Presence and Glory

Moses met the Lord in a corner of the desert. He was busy caring for sheep and caught sight of a bush afire. Nothing new there — tumbleweeds often went up in smoke in the dry, hot territory that Moses called home.

This bush, however, refused to burn out and fall to ashes. This bush was burning with a burning of another kind. It was supernatural–this fire of God, and somewhat surprisingly, Moses decided to get a closer look. Curiosity and fear seemed to be at work in him. Part of him wanted to run toward this spectacle; another part of him wanted to run away — far away.

It’s this way with all of us and God. We see His fire, in one way or another. We force ourselves to tiptoe close — close enough that we begin feel the heat. This is the power of Presence, the awesomeness of God with us. Once near to Him, the question then becomes this one: Are we ready for what comes next?

Moses came close, and God spoke to Him. He was told to take off his shoes and allowed to feel the holy ground under his feet. I find this such a message of grace and mercy. “Do not come near here; remove your sandals from your feet, for the place on which you are standing is holy ground” (Exodus 3:5). This could be understood as a command, or even a warning, if we read it as if Moses could be struck dead if he didn’t follow God’s instruction.

I choose to understand this instruction another way. I imagine God extending a welcome, like this: “Be careful, relax, take off your shoes – this is holy ground.”  To me, it’s as if the Lord invited this man into His living room. It’s holy ground, but it’s not off limits. It’s a meeting place, a place of encounter, a place where God would share His thoughts with His guest.

Moses still hid his face. He was far from comfortable before the fire of God. This meeting was a not a smooth one either. Moses became self-oriented and insecure about the Lord’s plan to use him. The exchange even prompted a sharp response from God.

But this was a beginning. Eventually, the Lord revealed His Name – “Yahweh, I AM THAT I AM.” The glow of God shined from a bush, and the glory of God would shine on and through Moses.

Historic Mission

The mission God gave to this man was an historic one. A shepherd from the wilderness would stand with a stick before Pharaoh, a renowned leader of a sophisticated and powerful empire. He also would stand before an oppressed, bewildered, stubborn, murmuring collection of tribes.

Before Pharaoh and before Israel, God would stand with him and bring deliverance. God’s Presence made all the difference. Moses came to understand and recognize God with him. Over time, he grew into “the meekest man on the face of the earth” (see Numbers 12:3). On two occasions, the Lord determined that the tribes of Israel were irreparable and purposed to wipe them out and raise a new “chosen people” with Moses.

Wrath ... is the consequence we put ourselves under for refusing to fear God. Click To Tweet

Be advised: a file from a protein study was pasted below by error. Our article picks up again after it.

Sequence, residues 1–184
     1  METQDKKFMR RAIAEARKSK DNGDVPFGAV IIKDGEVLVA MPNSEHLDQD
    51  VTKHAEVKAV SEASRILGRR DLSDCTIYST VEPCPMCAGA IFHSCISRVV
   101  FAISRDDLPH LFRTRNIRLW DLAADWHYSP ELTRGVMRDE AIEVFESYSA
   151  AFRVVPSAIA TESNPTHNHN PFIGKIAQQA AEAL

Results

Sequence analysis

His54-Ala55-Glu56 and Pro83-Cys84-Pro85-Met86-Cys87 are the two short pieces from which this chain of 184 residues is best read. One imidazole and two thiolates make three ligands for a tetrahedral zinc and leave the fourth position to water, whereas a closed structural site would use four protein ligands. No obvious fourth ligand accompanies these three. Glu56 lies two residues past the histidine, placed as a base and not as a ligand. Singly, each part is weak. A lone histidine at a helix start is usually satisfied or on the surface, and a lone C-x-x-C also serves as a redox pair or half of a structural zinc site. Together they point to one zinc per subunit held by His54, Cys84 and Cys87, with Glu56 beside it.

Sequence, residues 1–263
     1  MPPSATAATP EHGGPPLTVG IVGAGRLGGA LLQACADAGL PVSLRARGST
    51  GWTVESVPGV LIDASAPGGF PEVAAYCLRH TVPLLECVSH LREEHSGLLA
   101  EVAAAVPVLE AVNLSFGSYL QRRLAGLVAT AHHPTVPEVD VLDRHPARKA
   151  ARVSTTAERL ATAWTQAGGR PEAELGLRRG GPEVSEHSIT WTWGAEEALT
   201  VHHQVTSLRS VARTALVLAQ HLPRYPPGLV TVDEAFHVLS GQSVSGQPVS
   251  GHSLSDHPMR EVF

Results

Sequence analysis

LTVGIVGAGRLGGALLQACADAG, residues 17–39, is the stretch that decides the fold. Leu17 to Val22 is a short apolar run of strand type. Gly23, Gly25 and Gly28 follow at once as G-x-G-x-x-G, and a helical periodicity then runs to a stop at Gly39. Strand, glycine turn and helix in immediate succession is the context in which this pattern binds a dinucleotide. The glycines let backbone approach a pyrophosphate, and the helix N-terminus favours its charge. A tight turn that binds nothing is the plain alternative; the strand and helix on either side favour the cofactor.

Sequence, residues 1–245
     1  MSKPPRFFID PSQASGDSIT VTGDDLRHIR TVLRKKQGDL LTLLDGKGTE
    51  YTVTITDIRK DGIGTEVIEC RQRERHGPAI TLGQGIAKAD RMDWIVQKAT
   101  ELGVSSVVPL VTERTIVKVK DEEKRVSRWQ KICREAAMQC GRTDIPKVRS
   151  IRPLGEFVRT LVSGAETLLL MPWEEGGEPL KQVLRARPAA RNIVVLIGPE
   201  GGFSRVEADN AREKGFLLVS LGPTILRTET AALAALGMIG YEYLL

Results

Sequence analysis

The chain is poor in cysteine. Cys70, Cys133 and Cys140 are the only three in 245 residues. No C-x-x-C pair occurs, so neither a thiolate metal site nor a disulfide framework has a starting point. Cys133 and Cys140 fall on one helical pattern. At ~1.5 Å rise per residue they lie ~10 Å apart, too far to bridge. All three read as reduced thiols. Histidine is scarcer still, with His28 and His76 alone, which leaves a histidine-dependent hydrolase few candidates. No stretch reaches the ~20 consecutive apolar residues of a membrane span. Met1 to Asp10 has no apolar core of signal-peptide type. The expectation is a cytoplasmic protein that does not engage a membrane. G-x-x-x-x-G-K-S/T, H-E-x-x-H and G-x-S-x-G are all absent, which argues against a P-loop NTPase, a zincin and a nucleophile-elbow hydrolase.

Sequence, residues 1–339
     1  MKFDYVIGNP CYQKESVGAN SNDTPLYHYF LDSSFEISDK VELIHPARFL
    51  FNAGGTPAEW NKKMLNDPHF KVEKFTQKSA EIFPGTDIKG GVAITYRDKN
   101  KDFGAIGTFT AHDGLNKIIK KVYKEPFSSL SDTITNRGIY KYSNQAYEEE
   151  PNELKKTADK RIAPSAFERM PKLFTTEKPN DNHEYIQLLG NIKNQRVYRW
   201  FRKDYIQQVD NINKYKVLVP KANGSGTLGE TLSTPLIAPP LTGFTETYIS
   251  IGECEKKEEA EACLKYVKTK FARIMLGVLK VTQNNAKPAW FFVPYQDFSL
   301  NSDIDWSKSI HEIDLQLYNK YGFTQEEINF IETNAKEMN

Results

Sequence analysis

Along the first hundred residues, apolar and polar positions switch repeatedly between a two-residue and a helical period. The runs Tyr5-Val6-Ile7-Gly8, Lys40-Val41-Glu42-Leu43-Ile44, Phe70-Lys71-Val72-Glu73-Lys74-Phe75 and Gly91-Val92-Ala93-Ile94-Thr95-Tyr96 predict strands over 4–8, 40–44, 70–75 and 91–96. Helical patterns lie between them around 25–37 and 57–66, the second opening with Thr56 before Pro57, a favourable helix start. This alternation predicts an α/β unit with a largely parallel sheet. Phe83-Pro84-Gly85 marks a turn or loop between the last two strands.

Moses refused to let it happen – not for his own sake, but for God’s. He had come to know God deeply and understood the mercy of the Lord. He appealed to that mercy in telling the Lord that He could not be seen as vengeful and unapproachable as the false gods were presented in Egypt and among other peoples. His prayers saved the people from wrath.

Wrath represents the progression of consequences. Disobedience opens us up to disappointment, decay, and even destruction. Patterns were set in motion by the decree of God. For example, to disregard the law of gravity, explain it away, and leap from the top of a building would set me up for disaster. Similarly, to allow our lusts to be stimulated brings uncontrollable and often irreversible circumstances. Wrath should never be viewed as an emotional outburst, especially as it relates to the Lord. It is the consequence we put ourselves under for refusing to fear God.

Disobedience and Consequences

Moses, himself, the very friend of God, experienced the wrath of God in his life. He struck a rock, when God’s word to him was that he was to speak to it. This moment of disobedience kept Moses from crossing over into the Promised Land with Israel when they were finally ready to go into it. Moses even begged God to relent on this issue, but the Lord told him to shut up about it (see Deuteronomy 3). In drawing this hard line, the Lord was sending a message to all future leaders of his people that they are to listen and follow God’s commands fully or completely.

Exodus 33 really shows me what happened in the heart and life of Moses. He came to know God and appreciate His presence. He understood the necessity of God’s presence to the success of Israel’s march to her home. In the midst of this talk, Moses became bold: “Show me Your glory” (Exodus 33:18).

The shepherd who hid his face at the bush, now wanted to look full in the wonderful face of the Lord. It was an impossible request. Not until the sacrifice of Christ upon the Cross would a way be made for men and women to stand in God’s full glory. Beyond this, the Finished Work of Jesus made us suitable vessels for the Spirit to dwell.

But here was Moses asking for a big, wonderful thing and God could not refuse him. Hidden in the cleft of a rock, Moses was covered by the Lord until He passed by and then revealed Himself. The afterglow of God shined for Moses to see and yet live.

We’re all made for these things – for Presence and for Glory. Christ is our Rock. We have been placed in Him. The Spirit is with us, and the anointing of the Lord shows up in our meetings and prayers closets and even in our car pools and on playgrounds.

God is with us and we are full of His glory.






Steve Andrulonis
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